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Samuel Etheridge's Defence.

Samuel Etheridge the prisoner being called upon
_____________ for his defence and duly cautioned
voluntarily states: My being in the Town that
morning may have caused people to suppose that I
knew of their coming, the Chartists, I came to Town
between 8 and 9 o'clock for the purpose of consulting
Mrs Dickenson about the time that she or her daughter
would go to Monmouth - the crowd between Mr Webbers
and Mr Lloyd's Shop was so great - I did not see
any of the Chartists coming down Stow Hill nor did
I look in that direction. I found all the Doors and
Shutters shut. I went to Mrs Dickenson's, knocked
at the door and she came to me - while speaking
with Mrs Dickenson's the armed mob came in front
of the Westgate. She asked me to come in I refused
saying I would go home immediately, before I had
left the door one minute, I should think not a minute
the mob had made an entry with into the Westgate and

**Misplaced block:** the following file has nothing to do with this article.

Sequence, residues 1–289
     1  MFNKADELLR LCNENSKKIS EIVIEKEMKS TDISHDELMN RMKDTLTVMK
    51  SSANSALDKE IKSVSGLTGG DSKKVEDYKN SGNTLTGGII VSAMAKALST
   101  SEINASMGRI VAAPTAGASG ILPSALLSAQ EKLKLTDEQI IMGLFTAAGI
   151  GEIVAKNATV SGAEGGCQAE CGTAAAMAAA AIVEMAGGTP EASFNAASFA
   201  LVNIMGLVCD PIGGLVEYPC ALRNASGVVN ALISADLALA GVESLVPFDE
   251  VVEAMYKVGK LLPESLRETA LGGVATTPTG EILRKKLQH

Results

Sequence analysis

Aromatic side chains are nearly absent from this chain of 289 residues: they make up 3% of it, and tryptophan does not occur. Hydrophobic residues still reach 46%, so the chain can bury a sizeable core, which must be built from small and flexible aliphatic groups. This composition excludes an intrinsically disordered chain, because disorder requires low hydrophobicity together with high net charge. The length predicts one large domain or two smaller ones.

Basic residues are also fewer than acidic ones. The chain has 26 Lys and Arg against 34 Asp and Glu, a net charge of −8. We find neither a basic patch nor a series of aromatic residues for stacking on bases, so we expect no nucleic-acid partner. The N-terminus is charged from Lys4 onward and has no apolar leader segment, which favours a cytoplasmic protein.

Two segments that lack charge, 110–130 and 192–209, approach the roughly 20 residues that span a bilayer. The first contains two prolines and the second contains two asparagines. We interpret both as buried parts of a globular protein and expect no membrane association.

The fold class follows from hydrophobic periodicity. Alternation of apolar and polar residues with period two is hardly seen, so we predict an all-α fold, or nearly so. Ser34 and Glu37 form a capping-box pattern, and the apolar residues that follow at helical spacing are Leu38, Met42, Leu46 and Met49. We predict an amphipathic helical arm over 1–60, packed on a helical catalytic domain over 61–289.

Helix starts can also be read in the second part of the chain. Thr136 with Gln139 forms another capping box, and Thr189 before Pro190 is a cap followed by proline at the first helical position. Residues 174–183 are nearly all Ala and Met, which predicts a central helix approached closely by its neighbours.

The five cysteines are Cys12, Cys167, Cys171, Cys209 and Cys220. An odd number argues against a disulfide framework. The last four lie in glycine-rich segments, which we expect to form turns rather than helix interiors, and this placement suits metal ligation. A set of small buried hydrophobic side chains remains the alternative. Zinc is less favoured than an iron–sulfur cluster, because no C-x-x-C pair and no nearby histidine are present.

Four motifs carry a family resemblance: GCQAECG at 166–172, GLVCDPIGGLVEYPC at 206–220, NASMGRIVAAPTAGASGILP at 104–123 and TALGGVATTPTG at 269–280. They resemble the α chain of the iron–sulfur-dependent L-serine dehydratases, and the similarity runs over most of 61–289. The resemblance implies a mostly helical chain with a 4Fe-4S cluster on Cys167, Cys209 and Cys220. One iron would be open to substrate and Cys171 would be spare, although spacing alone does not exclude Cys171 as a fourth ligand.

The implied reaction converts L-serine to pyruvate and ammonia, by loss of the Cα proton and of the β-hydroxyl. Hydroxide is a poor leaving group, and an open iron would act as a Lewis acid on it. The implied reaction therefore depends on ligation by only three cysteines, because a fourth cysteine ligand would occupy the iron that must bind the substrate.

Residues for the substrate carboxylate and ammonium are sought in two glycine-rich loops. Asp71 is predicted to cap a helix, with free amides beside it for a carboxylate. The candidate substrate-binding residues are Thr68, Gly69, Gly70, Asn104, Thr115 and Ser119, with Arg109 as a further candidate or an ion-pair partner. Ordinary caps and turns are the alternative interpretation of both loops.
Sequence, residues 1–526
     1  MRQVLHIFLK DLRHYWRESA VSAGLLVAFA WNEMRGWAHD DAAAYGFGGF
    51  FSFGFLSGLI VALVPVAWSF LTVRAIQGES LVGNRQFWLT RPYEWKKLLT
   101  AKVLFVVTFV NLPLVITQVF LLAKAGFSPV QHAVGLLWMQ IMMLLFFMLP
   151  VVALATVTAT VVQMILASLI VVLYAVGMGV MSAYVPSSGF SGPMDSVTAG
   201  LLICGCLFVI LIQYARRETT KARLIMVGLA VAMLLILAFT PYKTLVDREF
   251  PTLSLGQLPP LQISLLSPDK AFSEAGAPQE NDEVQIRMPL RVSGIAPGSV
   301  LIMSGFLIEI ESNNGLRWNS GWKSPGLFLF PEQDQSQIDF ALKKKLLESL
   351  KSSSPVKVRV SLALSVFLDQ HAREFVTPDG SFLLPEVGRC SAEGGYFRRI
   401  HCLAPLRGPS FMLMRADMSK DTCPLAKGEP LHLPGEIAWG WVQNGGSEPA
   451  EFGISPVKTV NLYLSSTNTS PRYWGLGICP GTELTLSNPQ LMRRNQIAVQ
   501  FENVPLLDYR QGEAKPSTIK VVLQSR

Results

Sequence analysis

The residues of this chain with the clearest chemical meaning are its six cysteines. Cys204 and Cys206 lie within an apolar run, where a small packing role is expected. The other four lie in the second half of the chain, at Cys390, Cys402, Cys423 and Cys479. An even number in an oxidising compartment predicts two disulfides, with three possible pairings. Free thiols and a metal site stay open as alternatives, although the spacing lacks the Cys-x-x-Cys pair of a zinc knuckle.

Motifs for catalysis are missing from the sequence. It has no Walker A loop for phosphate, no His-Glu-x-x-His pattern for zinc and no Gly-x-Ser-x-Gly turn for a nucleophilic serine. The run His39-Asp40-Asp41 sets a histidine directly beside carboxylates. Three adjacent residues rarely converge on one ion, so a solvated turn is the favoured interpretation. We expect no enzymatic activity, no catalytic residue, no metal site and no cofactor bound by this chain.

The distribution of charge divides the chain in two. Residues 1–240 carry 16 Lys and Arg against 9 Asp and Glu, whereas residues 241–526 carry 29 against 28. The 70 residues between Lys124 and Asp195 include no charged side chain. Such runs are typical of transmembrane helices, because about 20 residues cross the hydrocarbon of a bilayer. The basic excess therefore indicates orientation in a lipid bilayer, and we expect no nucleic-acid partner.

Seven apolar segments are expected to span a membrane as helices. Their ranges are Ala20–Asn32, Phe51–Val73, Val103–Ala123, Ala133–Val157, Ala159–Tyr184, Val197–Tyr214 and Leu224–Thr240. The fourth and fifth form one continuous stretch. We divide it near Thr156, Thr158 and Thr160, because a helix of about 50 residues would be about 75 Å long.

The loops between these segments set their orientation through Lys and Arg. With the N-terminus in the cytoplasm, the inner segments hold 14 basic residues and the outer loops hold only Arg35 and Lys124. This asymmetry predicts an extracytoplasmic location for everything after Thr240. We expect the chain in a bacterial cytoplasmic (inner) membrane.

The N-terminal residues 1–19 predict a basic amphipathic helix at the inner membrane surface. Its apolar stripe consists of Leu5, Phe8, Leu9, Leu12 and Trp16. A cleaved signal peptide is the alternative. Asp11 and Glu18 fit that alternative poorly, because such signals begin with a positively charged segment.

firing commenced immediately I passed the front of
the Westgate and turned down Skinner St with Mr
. I then walked slowly towards home passing
up the Carpenters Arms Lane. I stood at Nappers
perhaps a minute or two, I saw a man having
the appearance of a Carpenter holding his arm from
which blood was running. I then made towards
home - What that young Lady said with regard
to my shaking hands with some person is true. I
don't know who it was, but he said he was glad to
see I was not amongst them. Had I known the
intention of the mob or had I known the mob had
been coming I should not have come to Town - I met




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